English language writers who reported regularly during the People's War have come up with their first book. Pulled into the chaos, the texts they have produced are authoritative accounts, must-reads for anyone vaguely interested in or associated with Nepal.

Interpreting Waiting for Godot

Ioan Marc Jones | Posted 11.02.2014 | New York
Ioan Marc Jones

The interpretations of Waiting for Godot might be far distant from Beckett's intentions, yet such interpretations are nevertheless intriguing. Some of the most interesting works of interpretation arise by way of theories that seemingly deviate entirely from the artist's objective.

The Republic of Writers

John Feffer | Posted 10.26.2014 | World
John Feffer

Hungarian writer Katalin Mezey and I talked about her memories of 1956, her trade union activities, and how the republic of writers has dealt with the issue of collaboration during the Communist years.

My Three Favorite Rare Book Stores in Europe

Steve Mariotti | Posted 10.25.2014 | Books
Steve Mariotti

I traveled to Europe a few weeks ago and, for the first time, I didn't attend a conference on youth education, or meet with leading business people on how we can innovate startups worldwide. Instead I explored the opportunities provided by a few select bookstores.

On Metamodern Dada

Jesse Damiani | Posted 10.19.2014 | Arts
Jesse Damiani

Screens. Bright fingers that claw at our eyes. Expressions of tenderness, movements of thought, sexual fantasies, our greatest battles. More and more,...

Revisiting States of Desire

Robert J. Feldman | Posted 10.25.2014 | Books
Robert J. Feldman

His insouciant and poignant travelogue, States of Desire, is a description of gay life in all the major cities of the United States in the late 1970's before the onslaught of the AIDS epidemic.

Not That Anyone Gives a Damn, But...

Warren Adler | Posted 10.18.2014 | Comedy
Warren Adler

1. I found lyrics to describe today's Middle East. "Humpty Dumpty sat on a wall, Humpty Dumpty had a great fall. All the king's horses and all the kin...

Plimpton! The Professional Amateur

Liam Smith | Posted 10.17.2014 | Arts
Liam Smith

Plimpton! Starring George Plimpton as Himself is a fascinating investigation of a literary figure who never really got his due. Whether it was because of his concentration on subjects such as sports; his participatory adventures in journalism; or his status as a public figure; many in the literary establishment never really took him seriously, despite his enormous contribution to the world of letters as head of The Paris Review.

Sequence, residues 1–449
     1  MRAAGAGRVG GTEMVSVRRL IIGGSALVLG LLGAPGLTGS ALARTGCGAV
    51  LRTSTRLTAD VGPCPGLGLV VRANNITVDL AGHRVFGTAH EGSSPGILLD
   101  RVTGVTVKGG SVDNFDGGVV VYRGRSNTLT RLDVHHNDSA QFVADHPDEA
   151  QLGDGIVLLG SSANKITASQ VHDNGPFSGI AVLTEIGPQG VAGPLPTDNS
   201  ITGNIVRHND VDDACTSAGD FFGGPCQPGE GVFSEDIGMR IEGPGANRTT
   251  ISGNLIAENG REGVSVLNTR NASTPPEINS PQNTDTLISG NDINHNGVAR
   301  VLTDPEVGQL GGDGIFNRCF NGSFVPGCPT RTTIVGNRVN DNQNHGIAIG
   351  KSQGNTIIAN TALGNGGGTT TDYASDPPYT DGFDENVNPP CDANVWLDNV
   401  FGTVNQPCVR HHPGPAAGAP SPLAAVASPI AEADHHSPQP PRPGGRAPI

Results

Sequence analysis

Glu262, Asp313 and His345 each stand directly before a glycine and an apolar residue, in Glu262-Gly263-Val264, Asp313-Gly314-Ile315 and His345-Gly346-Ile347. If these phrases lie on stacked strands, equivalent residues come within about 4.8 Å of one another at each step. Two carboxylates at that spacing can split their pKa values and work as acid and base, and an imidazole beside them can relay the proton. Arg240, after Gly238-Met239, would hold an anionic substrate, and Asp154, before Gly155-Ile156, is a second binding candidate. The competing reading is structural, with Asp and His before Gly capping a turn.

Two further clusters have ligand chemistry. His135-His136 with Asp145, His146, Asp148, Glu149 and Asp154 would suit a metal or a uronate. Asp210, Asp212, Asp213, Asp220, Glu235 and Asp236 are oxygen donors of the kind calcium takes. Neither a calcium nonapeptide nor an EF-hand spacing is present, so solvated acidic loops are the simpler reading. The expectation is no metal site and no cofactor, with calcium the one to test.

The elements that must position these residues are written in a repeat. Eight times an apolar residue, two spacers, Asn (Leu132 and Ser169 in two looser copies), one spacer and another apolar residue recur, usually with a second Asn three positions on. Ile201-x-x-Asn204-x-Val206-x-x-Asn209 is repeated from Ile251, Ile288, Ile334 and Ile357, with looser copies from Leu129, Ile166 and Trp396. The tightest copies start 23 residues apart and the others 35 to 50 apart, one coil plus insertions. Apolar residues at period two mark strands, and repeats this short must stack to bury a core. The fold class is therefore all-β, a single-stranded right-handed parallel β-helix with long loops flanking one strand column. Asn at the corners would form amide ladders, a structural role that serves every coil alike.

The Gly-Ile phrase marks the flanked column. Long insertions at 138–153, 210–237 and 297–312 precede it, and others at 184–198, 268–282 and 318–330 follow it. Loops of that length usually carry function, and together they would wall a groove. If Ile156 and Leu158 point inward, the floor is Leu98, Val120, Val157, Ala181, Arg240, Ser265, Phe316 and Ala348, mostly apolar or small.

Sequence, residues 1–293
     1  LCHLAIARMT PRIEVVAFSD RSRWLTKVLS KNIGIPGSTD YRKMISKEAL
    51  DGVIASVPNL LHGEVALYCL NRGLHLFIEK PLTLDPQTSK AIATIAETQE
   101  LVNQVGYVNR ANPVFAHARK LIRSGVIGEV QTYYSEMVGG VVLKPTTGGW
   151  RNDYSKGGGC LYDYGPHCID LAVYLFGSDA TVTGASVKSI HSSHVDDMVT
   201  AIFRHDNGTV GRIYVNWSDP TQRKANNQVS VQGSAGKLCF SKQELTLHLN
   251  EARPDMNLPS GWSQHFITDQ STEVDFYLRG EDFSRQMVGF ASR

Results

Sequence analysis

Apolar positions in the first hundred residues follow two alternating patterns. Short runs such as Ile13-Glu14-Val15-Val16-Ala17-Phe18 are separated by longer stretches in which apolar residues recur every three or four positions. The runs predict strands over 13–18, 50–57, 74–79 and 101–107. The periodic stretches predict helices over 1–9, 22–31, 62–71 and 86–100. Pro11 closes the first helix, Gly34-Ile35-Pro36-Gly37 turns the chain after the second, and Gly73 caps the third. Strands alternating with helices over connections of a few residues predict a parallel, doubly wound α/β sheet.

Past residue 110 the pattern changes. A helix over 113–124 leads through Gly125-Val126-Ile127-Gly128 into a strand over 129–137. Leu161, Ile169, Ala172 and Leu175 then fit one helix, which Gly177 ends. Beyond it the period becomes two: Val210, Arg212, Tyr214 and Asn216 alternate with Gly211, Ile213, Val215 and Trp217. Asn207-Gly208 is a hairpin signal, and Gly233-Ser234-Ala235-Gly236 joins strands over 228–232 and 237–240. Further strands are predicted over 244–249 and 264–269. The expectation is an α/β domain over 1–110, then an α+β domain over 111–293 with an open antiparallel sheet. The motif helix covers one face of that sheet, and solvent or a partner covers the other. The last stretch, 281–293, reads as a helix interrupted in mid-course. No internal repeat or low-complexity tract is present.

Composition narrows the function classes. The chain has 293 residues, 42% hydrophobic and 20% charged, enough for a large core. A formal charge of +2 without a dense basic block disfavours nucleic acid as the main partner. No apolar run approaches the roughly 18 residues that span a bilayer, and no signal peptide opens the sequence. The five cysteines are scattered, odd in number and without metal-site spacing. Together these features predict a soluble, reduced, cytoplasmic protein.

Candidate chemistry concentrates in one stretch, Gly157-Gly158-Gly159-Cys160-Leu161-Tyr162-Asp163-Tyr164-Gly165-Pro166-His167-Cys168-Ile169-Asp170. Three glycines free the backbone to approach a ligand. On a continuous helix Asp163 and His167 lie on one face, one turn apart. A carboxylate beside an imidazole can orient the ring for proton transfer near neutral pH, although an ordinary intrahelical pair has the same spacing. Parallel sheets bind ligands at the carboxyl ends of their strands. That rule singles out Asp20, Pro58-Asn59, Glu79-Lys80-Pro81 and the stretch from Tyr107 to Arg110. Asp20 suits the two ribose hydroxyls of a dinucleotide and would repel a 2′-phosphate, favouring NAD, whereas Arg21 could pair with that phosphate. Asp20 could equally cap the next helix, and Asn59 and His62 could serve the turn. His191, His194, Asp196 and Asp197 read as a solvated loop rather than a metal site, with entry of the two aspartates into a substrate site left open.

On Poetry Awards: Figures and Questions

Jonathan Hobratsch | Posted 10.15.2014 | Books
Jonathan Hobratsch

I write this blog to encourage discussion among poets regarding poetry awards. To do this, I will begin with showing some figures on the awards, along with some observations. Finally, I'll end by posing 10 questions.

5 Reasons Why Twentysomethings Should Read Tolstoy

Lucy Horner | Posted 10.15.2014 | Books
Lucy Horner

Tolstoy is actually a pretty appropriate author for twentysomethings to be reading in our current society. Although he lived in Russia over one-hundred years ago, Tolstoy and his characters knew all about ambition, failure, stress, and striving for meaning and goodness.

La.Lit, a Literary Magazine, Launches Third Print Volume at City Museum of Kathmandu

Niranjan Kunwar | Posted 10.13.2014 | Arts
Niranjan Kunwar

What kind of space -- literary, cultural, socio-political, psycho-emotional -- does a Nepali writing in English have in Nepal? And in the world?

Beautiful Dystopia: A New Novel Reveals the Light Amid Russia's Darkness

Andrew D. Kaufman | Posted 10.12.2014 | Books
Andrew D. Kaufman

Every character in this book is a dreamer of one sort or another.

Part and Parcel: Poet January Gill O'Neil

Hannah Stephenson | Posted 10.04.2014 | Arts
Hannah Stephenson

January Gill O'Neil's newest book of poetry, Misery Islands, shows us how easily our lives can become storm-tossed and tumultuous.